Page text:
Florida Gov. Rick Scott was all smiles Tuesday morning as he walked up Broadway in downtown Lexington, warmly greeting the throng of Kentucky reporters waiting for him.
Is something so terribly wrong with the technological infrastructure in Tallahassee that he couldn't send us an email?
Why else would Scott feel compelled to travel to Kentucky to spike the football in the faces of Bluegrass State workers when a news release from Florida would've sufficed?
On its face, the purpose of the Florida governor's visit was to meet with Kentucky businesses and announce that he had successfully poached 40 potential aerospace jobs from the commonwealth.
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Standing next to Chris Yeazel, the owner of 1st Choice Aerospace, Scott announced that Yeazel's company will take its $7 million expansion to Florida instead of Kentucky, and that Scott will meet with other Kentucky businesses while he is in the state.
"They made a choice," Scott said. "They could either expand in Kentucky or they could expand in Florida. And they chose Florida. That means 40 families in Florida are going to have a great job because Florida's a great place to do business."
Scott cited Florida's lower taxes, higher credit rating, less regulation and, of course, "right-to-work" laws that mean "you don't have to join a union if you don't want to."
Yeazel did not mention union laws as a reason for choosing to expand in Florida, saying instead that South Florida has a talent pool of aviation maintenance workers and easier access to Europe and South America.
In fact, 1st Choice Aerospace is keeping its campus in Hebron and the 43 jobs there.
Scott didn't mention that.
He also didn't mention his role with the Republican Governors Association.
The RGA pumped $18 million into Scott's re-election committee last year, and Scott is on the Washington, D.C.-based group's executive committee.
The RGA has spent heavily in Kentucky throughout the summer, running ads on behalf of Republican gubernatorial candidate Matt Bevin and targeting Democratic Attorney General Jack Conway.
So I asked Scott, given his position with the RGA, why Kentuckians shouldn't view his grandstanding as a crass political stunt with the goal of helping get Bevin elected.
He ducked the question.
"So I got elected 41/2 years ago, and in four years and eight months, we've added 940,000 jobs," Scott replied.
That's a lot of jobs. Of course, Florida's unemployment rate is 5.3 percent, compared to Kentucky's 5.2 percent.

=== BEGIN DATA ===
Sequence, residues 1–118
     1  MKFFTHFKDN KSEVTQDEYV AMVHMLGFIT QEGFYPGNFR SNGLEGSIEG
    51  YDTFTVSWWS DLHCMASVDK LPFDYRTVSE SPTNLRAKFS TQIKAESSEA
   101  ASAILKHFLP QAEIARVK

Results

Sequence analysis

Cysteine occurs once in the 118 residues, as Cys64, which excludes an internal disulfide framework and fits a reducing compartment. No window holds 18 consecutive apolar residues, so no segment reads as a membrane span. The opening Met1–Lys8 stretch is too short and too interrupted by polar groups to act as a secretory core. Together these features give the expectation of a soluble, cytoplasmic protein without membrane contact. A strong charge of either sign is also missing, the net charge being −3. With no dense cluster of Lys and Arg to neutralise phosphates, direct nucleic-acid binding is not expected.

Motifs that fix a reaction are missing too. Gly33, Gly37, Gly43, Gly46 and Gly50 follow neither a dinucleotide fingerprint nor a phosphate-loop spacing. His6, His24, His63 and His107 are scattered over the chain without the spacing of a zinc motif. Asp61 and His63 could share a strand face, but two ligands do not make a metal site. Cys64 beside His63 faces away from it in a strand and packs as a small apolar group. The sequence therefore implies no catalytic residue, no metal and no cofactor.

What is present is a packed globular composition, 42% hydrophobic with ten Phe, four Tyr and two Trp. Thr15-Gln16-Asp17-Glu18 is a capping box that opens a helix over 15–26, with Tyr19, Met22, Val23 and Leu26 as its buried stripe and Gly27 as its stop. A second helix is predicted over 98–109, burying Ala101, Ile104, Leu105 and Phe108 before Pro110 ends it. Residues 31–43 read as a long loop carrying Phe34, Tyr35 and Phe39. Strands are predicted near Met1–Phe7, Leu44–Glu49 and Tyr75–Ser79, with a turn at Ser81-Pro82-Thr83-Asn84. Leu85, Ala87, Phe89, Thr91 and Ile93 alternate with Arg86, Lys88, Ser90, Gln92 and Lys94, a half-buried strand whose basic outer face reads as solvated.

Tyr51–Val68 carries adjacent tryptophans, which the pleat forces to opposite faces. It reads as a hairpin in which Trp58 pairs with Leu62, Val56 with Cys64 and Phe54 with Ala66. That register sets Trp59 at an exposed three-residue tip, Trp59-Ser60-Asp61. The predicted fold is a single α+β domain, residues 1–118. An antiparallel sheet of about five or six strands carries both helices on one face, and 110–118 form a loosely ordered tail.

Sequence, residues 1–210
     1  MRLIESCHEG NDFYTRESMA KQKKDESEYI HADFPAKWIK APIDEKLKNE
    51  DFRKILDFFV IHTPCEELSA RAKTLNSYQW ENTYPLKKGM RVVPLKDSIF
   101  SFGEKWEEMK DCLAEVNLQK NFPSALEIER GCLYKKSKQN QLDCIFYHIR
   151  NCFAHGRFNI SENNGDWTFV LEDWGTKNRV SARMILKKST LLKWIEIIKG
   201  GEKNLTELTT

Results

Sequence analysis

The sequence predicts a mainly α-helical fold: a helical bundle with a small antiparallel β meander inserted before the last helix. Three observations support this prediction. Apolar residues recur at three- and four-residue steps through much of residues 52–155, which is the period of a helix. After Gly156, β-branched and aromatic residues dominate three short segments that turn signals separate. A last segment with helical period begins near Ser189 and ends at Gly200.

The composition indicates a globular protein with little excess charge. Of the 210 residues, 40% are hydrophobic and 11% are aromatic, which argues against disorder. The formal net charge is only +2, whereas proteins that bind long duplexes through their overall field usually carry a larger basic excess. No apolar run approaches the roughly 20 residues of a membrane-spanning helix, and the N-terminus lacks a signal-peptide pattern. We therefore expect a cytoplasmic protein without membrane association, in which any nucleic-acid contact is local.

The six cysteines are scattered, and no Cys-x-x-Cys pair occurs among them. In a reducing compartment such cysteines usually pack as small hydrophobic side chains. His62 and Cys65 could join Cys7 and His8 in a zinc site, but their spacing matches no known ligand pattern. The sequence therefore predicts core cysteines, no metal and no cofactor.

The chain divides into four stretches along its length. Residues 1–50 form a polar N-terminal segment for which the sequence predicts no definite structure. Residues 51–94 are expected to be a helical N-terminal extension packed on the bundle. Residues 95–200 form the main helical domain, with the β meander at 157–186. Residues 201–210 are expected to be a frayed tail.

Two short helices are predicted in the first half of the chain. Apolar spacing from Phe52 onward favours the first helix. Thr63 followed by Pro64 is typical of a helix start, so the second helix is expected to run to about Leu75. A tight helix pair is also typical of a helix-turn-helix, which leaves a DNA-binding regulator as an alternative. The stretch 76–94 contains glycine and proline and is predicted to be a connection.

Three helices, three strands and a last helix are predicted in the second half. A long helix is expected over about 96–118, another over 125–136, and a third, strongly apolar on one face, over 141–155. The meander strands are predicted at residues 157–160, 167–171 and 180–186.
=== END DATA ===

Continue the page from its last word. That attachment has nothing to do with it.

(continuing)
Ostensibly, Scott's message was that Florida is open for business. The reality is that his message was, "elect Bevin or Florida will come back for more Kentucky jobs."
So surely Bevin, who often proclaims his love for the commonwealth, was thoroughly appalled and quickly denounced Scott's ploy, right?
Instead, Bevin's campaign sent out a news release Tuesday morning boasting that Bevin has almost 12,000 Twitter followers.
Meanwhile, Secretary of State Alison Lundergan Grimes quickly issued a statement condemning Scott.
"Despite what Gov. Scott claims, Kentucky jobs are not flowing to Florida, and I would put our pro-business climate up against the sunshine state's any day," Grimes said.
Bevin finally weighed in on Scott's visit Tuesday afternoon, hours after this column was first published online.
But instead of criticizing Scott, Bevin played along, warning that "as long as Kentucky is led by political insiders like (Attorney General and Democratic gubernatorial nominee) Jack Conway who embrace the status quo and Frankfort special interests, our state will continue to get passed over for new jobs or, worse still, other states will look to poach the ones we already have."
Kentucky isn't the only state where Scott is taking this craven routine, having already visited Pennsylvania, California and New York — all states with Democratic governors.
As The Courier-Journal recently mentioned, Scott has done this sort of thing before in Kentucky. As a businessman, he moved Columbia/HCA's headquarters to Nashville in 1995 just 10 months after moving to Louisville.
On Tuesday morning, Scott fondly recalled his time in Kentucky, mentioning that he once lived here and calling it "a beautiful state."
"I love all the rolling hills, clearly all the people," Scott said.
Scott is not wrong that Florida has assets that make it an attractive place to expand and grow a business. He's right that the Sunshine State has a better credit rating and no personal income tax.
But he was completely wrong to do his tacky end-zone dance within view of Rupp Arena.
So, Gov. Scott, it's time to get out of Kentucky, and take your cheap political stunts with you.
Kentuckians might well decide in November that Bevin is the best choice to be governor, and that legislation dealing with union membership is the silver bullet to solve the state's economic woes. Or maybe they won't.
But we are perfectly capable of deciding that on our own without the strong-arm tactics of a grinning political extortionist.